|저자||정명희||출처||제임스 조이스 저널||페이지|
|발행년도||2003년도||총||9권 1호||참조||제임스 조이스 저널|
Michael Cunningham’s The Hours can not but be understood in its relationship with Virginia Woolf’s Mrs Dalloway. His novel deconstructs, restructures, and reedits various stories and characteristic images of Woolf’s novel and her biographical life. His repetition, however, does not stop just on the level of its content. In his novel, he revisions Woolfian aesthetic itself.
Now Woolf is usually considered as a major modernist and her novel, especially Mrs. Dalloway, shows a perfect structure of modernist aesthetic. Like many other modernists, Woolf is deeply influenced by the Paterian Impressionism. Walter Pater has insisted that there is no solid reality in the world besides our impressions and, thus, the best virtue of any human being is a susceptibility to his numerous and atomic impressions. In Mrs. Dalloway, characters reveal this virtue strongly: Clarissa Dalloway and Septimus Smith are perceptive recipients of showering impressions. And the crux of Clarissa’s power is her ability to build up these impressions, which are frequently unstable, chaotic and even contradictory to each other.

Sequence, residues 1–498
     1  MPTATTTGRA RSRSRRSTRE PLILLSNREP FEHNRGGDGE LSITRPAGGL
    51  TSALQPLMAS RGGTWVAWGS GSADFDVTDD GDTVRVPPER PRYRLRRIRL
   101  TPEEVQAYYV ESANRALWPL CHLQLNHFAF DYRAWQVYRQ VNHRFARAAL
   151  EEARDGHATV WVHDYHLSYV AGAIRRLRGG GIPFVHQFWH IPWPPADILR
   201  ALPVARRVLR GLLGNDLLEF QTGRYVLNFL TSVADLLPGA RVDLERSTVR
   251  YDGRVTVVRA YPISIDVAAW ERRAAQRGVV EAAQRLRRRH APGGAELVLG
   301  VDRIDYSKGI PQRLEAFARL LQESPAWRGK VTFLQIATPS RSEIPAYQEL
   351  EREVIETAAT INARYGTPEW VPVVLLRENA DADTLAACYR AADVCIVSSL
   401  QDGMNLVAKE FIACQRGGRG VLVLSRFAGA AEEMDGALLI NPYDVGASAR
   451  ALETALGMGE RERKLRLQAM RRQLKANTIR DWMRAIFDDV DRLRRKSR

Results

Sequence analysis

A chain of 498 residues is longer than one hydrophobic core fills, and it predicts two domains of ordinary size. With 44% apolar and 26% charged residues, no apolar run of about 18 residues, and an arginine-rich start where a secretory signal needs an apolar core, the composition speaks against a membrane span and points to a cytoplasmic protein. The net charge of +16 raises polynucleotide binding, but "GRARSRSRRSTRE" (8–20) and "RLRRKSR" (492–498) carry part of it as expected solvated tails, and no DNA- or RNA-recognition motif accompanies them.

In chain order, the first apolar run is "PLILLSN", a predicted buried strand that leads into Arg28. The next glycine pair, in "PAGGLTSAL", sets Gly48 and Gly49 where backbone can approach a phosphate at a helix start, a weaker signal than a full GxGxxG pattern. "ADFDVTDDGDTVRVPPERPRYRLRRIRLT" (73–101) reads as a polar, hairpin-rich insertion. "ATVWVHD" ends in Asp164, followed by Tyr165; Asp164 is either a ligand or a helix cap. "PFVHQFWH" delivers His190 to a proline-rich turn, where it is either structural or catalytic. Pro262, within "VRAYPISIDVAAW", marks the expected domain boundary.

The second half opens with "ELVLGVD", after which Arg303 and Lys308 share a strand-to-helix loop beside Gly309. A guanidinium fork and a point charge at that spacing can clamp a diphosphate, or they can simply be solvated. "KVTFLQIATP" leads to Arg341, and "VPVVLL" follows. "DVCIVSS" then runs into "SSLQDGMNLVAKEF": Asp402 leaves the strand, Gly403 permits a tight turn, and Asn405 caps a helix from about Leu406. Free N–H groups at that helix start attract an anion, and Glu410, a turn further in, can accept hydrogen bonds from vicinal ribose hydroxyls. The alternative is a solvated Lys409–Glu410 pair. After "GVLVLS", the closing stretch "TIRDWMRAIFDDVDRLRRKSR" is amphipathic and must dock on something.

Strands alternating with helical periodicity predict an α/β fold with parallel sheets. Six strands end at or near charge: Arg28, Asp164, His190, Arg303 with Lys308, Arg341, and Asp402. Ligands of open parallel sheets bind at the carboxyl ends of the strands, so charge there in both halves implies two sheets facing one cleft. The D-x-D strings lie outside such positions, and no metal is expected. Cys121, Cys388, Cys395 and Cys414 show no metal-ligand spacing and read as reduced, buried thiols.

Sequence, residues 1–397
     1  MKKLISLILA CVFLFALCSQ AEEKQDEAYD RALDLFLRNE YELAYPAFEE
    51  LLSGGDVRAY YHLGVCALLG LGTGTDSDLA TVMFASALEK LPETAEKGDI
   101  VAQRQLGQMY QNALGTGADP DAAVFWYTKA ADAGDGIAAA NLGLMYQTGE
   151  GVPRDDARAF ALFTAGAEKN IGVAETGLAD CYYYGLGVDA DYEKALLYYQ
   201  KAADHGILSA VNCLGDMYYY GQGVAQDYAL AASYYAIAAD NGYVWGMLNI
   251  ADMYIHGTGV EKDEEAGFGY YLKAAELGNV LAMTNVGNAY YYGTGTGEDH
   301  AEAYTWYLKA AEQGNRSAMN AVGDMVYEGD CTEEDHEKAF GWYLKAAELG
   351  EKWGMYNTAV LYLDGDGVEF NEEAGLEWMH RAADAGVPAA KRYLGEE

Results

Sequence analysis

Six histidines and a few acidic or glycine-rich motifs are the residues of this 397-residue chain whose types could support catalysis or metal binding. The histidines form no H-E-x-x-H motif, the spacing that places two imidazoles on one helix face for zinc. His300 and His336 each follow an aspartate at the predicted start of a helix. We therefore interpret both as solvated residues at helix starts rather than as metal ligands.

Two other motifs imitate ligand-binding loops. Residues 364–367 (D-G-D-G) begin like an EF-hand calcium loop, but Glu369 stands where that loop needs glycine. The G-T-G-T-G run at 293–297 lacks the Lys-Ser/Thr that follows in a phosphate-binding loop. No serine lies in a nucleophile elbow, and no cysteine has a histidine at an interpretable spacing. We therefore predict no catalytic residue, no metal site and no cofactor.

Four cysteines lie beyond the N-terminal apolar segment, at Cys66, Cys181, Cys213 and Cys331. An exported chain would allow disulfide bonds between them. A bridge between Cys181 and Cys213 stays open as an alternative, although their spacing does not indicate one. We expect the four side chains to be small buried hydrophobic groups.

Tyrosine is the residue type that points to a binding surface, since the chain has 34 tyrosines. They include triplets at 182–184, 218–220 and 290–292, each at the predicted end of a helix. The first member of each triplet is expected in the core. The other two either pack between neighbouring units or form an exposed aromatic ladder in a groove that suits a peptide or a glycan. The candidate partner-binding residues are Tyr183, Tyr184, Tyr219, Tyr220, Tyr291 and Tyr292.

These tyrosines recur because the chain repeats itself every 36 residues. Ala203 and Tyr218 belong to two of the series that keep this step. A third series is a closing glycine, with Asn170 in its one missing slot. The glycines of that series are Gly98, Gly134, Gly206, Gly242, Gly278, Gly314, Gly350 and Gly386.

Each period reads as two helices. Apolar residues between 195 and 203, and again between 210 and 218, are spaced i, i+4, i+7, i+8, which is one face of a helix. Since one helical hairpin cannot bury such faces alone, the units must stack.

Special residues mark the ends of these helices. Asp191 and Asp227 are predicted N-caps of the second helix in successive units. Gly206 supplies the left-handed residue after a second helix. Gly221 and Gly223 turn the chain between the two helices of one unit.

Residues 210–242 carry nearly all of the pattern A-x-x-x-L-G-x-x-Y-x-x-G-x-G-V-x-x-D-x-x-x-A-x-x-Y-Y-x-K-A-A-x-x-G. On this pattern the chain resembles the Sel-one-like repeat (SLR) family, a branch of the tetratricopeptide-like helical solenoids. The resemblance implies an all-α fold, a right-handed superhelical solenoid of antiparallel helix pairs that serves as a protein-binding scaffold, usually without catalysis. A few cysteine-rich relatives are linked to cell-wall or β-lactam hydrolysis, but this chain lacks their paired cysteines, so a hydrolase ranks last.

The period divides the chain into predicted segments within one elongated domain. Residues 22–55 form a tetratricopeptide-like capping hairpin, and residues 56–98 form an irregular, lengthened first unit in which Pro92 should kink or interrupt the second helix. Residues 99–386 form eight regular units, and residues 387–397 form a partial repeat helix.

In Cunningham’s novel, Clarissa Vaughan, Laura Brown, Virginia Woolf and Richard Brown struggle repetitively to compose some kind of order and beauty out of their ordinary and haphazard lives. And they fail to achieve a perfect structure of beauty. Cunningham, however, is suggesting a more inclusive and generous aesthetic through their failures: Life itself is a perfect beauty despite its seemingly chaotic appearances. In the last party of the novel, four people simply celebrate their being alive..